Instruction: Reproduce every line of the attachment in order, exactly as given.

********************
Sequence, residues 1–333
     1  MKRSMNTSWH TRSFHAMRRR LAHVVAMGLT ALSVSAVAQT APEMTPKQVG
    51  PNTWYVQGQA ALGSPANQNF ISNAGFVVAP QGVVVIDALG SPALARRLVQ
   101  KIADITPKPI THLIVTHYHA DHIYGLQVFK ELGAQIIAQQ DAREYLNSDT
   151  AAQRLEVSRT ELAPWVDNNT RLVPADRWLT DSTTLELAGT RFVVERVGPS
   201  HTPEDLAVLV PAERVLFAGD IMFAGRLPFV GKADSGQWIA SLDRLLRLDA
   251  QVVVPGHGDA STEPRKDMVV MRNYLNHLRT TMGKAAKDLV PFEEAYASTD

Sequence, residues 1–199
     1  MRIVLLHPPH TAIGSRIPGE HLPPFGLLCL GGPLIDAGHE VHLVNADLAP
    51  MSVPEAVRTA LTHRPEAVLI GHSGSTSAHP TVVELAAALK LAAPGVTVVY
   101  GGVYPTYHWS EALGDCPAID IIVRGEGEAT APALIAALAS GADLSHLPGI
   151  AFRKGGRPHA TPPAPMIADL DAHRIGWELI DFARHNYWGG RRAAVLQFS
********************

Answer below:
Sequence, residues 1–333
     1  MKRSMNTSWH TRSFHAMRRR LAHVVAMGLT ALSVSAVAQT APEMTPKQVG
    51  PNTWYVQGQA ALGSPANQNF ISNAGFVVAP QGVVVIDALG SPALARRLVQ
   101  KIADITPKPI THLIVTHYHA DHIYGLQVFK ELGAQIIAQQ DAREYLNSDT
   151  AAQRLEVSRT ELAPWVDNNT RLVPADRWLT DSTTLELAGT RFVVERVGPS
   201  HTPEDLAVLV PAERVLFAGD IMFAGRLPFV GKADSGQWIA SLDRLLRLDA
   251  QVVVPGHGDA STEPRKDMVV MRNYLNHLRT TMGKAAKDLV PFEEAYASTD

Sequence, residues 1–199
     1  MRIVLLHPPH TAIGSRIPGE HLPPFGLLCL GGPLIDAGHE VHLVNADLAP
    51  MSVPEAVRTA LTHRPEAVLI GHSGSTSAHP TVVELAAALK LAAPGVTVVY
   101  GGVYPTYHWS EALGDCPAID IIVRGEGEAT APALIAALAS GADLSHLPGI
   151  AFRKGGRPHA TPPAPMIADL DAHRIGWELI DFARHNYWGG RRAAVLQFS